Q: My brother Donald Holder is a Tony Award-- winning lighting designer--so I have to ask-- how important is lighting in your plays?

A: Lighting is crucial in any play! One of the best classes I took as an undergrad at the University of Vermont was “Fundamentals of Lighting” taught by John Forbes. We had to make a 10-minute performance just by lighting a certain object to music, and it was one of the coolest projects I had ever partaken in. So many components of technical theater must fuse together in the right way to make a play compelling. Lighting can set the tone in these inexpressible ways—it’s definitely the facet of technical theatre that I’m most interested in.

Q:You are working on your MFA at Boston University. Have you worked with Kate Snodgrass? How has the program fueled your growth as an artist?

A: Yes, I often refer to Kate Snodgrass at the Fairy Godmother of Boston theatre. Kate is amazing. She works endlessly to make this program run smoothly, to give us the opportunities that will help us grow as artists, and has some of the coolest shoes I’ve ever seen. Kate is extremely knowledgeable about the American theatre, and there are many artists in Boston who would say that they are very much indebted to Kate. I certainly feel that way. I have gained an immense amount of knowledge from this program, both artistically and professionally. The opportunities that Boston Playwright’s Theatre provides to graduate students, including our extensive in-class writing workshops, collaborations with professional actors, and most importantly, our third-year thesis productions, are unparalleled. What I consider to be the most impressive aspect of our playwriting program is that, while having only transitioned from an MA to a fully-funded MFA program in the past six years, it’s gained a level of national recognition and alumni success comparable to top MFA programs that have been around for decades. This program has helped me understand who I am, what I write and how I write.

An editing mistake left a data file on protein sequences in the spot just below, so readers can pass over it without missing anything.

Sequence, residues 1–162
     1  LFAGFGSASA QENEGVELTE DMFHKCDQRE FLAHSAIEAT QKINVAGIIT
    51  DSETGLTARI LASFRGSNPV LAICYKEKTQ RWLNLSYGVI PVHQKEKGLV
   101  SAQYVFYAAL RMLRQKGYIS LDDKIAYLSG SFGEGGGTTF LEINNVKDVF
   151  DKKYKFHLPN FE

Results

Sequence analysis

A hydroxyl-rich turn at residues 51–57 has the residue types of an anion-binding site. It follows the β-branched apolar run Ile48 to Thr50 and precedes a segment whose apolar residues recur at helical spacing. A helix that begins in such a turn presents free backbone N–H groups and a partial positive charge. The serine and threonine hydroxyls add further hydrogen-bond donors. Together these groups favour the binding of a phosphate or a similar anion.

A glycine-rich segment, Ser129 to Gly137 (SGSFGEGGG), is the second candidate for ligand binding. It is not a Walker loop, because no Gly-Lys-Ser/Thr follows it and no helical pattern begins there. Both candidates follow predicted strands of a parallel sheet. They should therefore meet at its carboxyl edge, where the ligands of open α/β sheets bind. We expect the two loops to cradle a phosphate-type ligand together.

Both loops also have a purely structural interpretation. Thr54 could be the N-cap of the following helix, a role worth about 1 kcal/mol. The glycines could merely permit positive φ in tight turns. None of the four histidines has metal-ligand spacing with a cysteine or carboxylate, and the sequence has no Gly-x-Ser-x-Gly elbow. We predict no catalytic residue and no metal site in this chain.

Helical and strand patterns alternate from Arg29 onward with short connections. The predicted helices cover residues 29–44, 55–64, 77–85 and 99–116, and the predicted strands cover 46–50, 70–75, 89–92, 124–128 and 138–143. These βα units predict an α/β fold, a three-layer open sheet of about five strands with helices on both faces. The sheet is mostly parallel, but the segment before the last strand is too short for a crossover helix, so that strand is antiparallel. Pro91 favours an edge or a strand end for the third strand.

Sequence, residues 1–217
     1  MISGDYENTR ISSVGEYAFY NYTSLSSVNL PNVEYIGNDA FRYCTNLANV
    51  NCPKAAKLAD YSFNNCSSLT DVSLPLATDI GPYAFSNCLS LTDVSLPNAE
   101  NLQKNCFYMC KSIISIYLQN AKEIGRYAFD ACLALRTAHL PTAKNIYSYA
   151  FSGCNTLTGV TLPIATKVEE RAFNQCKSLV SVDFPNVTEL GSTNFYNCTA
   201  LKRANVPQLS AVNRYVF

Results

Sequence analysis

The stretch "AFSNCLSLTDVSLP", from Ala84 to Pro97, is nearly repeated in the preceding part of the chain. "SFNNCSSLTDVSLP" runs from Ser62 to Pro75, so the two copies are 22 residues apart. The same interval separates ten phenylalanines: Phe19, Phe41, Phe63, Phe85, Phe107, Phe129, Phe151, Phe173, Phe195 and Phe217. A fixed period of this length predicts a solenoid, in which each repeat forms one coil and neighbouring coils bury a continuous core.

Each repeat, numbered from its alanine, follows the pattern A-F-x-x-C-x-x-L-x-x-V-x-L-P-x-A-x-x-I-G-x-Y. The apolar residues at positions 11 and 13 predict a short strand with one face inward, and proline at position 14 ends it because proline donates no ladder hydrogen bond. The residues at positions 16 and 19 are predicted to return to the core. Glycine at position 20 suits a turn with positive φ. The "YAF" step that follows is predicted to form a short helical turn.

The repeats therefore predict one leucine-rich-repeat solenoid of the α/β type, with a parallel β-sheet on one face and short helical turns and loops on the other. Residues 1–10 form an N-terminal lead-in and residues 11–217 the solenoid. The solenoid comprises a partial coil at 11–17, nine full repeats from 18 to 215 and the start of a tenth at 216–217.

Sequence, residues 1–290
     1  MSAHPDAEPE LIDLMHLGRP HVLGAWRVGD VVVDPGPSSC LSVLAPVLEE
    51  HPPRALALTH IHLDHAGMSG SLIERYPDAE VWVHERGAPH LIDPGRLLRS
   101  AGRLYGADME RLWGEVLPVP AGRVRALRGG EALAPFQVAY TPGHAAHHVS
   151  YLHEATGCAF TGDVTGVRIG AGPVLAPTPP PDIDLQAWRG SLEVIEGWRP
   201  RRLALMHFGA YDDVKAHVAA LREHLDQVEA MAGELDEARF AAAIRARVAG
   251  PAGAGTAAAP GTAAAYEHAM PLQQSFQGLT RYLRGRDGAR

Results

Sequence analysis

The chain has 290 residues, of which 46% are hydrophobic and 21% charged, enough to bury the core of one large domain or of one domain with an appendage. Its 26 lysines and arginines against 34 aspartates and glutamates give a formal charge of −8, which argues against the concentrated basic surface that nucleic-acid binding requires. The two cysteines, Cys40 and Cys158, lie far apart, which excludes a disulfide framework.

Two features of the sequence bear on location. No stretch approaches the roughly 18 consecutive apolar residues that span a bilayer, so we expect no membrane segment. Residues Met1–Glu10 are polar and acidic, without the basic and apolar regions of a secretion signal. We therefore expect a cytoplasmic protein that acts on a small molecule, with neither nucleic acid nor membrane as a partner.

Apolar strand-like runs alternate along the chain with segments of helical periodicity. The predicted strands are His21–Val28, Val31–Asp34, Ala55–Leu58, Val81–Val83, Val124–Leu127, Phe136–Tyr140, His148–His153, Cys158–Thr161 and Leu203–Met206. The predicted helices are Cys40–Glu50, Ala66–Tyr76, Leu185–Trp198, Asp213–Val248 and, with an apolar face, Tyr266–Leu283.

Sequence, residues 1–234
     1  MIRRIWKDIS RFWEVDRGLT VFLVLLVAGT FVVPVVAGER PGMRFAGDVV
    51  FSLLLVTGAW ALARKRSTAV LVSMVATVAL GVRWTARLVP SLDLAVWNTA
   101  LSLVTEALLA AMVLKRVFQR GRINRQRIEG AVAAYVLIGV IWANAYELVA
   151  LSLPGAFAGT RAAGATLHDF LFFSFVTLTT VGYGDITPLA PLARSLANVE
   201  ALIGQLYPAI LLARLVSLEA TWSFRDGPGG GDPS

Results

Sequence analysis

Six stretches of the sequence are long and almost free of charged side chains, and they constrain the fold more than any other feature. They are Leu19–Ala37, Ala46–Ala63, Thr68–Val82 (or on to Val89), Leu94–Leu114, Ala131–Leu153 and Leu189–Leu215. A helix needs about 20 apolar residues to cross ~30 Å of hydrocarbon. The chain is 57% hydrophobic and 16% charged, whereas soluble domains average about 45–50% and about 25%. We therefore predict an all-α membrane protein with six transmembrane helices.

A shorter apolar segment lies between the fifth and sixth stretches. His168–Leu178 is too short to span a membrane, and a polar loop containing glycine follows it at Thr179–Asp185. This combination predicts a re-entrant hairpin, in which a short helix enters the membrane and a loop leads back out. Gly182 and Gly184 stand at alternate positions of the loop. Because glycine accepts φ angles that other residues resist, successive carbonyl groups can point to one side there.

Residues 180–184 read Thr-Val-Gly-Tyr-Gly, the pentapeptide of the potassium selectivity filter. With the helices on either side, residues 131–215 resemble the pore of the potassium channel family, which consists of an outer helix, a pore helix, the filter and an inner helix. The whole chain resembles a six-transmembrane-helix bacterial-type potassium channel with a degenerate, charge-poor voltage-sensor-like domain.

Q: How has the pandemic affected you, and your work?